Sunday, June 1, 2014

Xavier Rhodes: A Key Piece of the Secondary

Daniel House analyzes why Xavier Rhodes needs to be utilized in press and man coverage in 2014. He tells you why this perfectly translates with what Mike Zimmer is looking to execute from a defensive standpoint.

Updated: June 1st, 2014 11:36am

By: Daniel House

Last season, we only scratched the surface of what Vikings cornerback Xavier Rhodes can do as a defensive back for this team. To the dismay of many, Rhodes witnessed just 57.8% snaps on the defensive side of the ball last season. He missed the final four games of the season with a high ankle sprain, but he failed to see extended action until week seven vs. Green Bay. We didn't see a strong production until the Vikings traveled to Green Bay in week 11 in 2013. For whatever reason, the Vikings defensive staff decided to execute more zone assignments, instead of jamming wideouts at the line of scrimmage. It wasn't a coincidence that the first time the Vikings played extensive amounts of press and man coverage, Rhodes flourished.

Let's take a dive into the advanced statistics that justify the strides Xavier Rhodes made in press and man coverage last year.

Last season when the Vikings won games, Xavier Rhodes was on the field playing. The following chart shows the difference between Rhodes seeing twenty less snaps per game.

Xavier Rhodes: Snaps Played (according to Pro Football Focus)

When the Vikings Lose                    Games         Snaps/Game
                                                              9                    45.0
When  the Vikings Win or Tie               4                    66.2

In the Vikings' losses, Rhodes only started three times and played more than 53 snaps just once. On the other hand, in the Vikings' three wins and a tie, Rhodes started three of those games and was on the field for at least 55 plays.

As for the importance of scheme for Rhodes, he is most successful in man and press coverage, which bodes well for his time with Vikings new head coach Mike Zimmer. Rhodes defensed just two of his ten passes in zone coverage schemes, compared with eight in man and press strategies in 2013. All eight of those passes defensed came over the last three games of the season, directly reflecting how the change in philosophies benefited the rookie. Zimmer will likely run a 4-3 defense that will be predicated on a front-four pass rush and press cornerbacks that can consistently thrive in man-to-man coverage.

Was Rhodes targeted as much as other vulnerable Vikings cornerbacks in 2013? Based upon advanced statistics from Football Outsiders, he wasn't targeted nearly as much as Josh Robinson and Marcus Sherels. Rhodes was targeted 79 times, for an average of 5.3 adjusted yards per pass play, which ranked fifth among all cornerbacks in the NFL last season. Nearly half of those targets came when Rhodes was susceptible in zone coverage schemes. As for distance per pass, Rhodes allowed an average distance of 12.1 yards, along with 2.7 yards after the catch, which ranks 13th among all NFL defensive backs. To put this into context, Josh Robinson was targeted over half the amount Rhodes was last season (45), in seven less games.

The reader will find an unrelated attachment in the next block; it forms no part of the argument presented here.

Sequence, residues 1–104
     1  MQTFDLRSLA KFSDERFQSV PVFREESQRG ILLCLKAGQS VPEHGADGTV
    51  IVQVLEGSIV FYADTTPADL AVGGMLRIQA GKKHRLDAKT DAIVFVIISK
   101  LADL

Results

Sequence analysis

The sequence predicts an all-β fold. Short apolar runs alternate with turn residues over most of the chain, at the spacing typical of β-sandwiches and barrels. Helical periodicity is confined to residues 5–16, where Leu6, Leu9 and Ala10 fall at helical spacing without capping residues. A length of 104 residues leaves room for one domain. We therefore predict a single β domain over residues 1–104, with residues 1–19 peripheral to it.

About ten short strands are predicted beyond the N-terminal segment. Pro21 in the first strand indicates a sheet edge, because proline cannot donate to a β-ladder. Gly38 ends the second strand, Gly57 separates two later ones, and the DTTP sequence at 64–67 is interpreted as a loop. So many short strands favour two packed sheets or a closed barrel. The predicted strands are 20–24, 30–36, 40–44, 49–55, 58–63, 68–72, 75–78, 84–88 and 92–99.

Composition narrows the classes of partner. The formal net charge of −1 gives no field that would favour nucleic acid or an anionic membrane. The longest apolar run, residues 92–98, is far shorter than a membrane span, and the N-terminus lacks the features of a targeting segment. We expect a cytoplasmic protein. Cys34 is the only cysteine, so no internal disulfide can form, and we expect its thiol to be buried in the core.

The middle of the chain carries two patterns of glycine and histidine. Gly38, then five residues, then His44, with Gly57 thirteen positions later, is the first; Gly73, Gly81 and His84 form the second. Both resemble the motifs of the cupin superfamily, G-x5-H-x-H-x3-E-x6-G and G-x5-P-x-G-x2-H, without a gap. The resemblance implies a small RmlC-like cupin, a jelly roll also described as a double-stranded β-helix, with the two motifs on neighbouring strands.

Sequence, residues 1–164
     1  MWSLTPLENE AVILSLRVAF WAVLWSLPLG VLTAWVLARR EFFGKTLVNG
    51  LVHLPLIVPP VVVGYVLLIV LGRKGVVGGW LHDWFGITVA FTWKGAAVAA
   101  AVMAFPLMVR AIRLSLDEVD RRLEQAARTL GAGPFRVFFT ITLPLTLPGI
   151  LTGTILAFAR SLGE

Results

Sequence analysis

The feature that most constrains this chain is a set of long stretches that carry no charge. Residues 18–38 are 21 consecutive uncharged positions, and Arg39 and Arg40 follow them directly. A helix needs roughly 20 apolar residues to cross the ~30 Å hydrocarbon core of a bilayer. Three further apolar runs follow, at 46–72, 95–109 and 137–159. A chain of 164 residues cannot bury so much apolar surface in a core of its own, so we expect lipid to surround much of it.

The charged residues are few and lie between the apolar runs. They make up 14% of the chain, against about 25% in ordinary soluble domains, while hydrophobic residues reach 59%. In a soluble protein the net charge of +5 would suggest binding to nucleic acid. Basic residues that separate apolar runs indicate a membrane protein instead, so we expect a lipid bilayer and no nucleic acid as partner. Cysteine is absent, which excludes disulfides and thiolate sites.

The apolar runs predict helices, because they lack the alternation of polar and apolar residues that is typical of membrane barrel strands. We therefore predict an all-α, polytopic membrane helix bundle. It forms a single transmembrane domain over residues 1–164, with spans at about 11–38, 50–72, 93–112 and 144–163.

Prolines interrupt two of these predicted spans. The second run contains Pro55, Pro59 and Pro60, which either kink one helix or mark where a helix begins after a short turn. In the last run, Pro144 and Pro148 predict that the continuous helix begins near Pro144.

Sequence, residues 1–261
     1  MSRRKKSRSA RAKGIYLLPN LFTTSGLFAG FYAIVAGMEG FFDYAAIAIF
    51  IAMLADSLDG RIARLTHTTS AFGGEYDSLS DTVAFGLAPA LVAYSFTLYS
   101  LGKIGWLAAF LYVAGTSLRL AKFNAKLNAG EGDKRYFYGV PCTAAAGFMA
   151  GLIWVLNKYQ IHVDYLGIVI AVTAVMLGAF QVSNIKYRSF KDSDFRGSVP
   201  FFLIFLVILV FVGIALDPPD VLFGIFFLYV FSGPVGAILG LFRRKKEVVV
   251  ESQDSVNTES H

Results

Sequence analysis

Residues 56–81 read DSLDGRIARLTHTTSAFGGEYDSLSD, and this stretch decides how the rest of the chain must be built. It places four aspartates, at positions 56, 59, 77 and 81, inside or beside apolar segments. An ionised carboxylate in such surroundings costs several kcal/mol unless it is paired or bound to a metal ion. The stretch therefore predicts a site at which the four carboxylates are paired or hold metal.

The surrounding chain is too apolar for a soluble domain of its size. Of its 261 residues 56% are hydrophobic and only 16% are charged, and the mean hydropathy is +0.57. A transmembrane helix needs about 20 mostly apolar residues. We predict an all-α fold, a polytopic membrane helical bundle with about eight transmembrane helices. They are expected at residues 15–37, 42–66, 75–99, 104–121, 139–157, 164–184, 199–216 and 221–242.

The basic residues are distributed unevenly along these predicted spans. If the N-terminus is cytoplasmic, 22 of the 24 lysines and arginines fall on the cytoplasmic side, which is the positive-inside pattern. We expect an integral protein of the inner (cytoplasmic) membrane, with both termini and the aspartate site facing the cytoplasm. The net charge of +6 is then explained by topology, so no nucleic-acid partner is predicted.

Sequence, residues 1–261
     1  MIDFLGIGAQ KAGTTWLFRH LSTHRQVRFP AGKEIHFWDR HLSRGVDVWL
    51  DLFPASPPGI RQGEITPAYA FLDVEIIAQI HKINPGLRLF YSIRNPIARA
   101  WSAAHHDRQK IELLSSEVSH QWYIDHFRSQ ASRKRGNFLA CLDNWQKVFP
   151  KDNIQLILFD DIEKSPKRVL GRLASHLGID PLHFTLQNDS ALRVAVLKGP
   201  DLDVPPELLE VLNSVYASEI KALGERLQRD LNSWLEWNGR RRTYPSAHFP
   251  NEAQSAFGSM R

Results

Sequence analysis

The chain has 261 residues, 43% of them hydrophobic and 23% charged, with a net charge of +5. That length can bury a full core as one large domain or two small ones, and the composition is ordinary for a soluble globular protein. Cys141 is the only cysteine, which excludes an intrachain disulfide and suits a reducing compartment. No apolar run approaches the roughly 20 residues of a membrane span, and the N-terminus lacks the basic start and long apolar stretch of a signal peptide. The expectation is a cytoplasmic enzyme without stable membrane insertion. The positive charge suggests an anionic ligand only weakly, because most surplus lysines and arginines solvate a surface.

The Vikings will be adding veteran leader cornerback Captain Munnerlyn to the secondary, which greatly benefits Xavier Rhodes. Teams won't pass the ball in Munnerlyn's direction because of his playmaking abilities, leaving Rhodes with more opportunities to make plays.

This poses the final concern for Rhodes heading into the 2014 season. Can he handle the rigors of a full NFL schedule? He ended up missing three games last season and durability was a concern when he entered the league last season. With more balls coming his way, he will be more susceptible to injuries, meaning the training staff will need to work with him from a training standpoint.

As a whole, Xavier Rhodes flourished in man and press coverage in 2013, which directly translates perfectly into Mike Zimmer's defensive philosophies. The continued trend with the young players on this roster comes back to coaching fundamentals and placing them in the best position to succeed. When Rhodes was utilized correctly in 2013, he quickly became one of the best cornerbacks in this league.

With a stronger pass rush putting pressure on the quarterback and the right philosophy for Rhodes as a cornerback, he has the potential to become an All-Pro level cornerback in the seasons to come.

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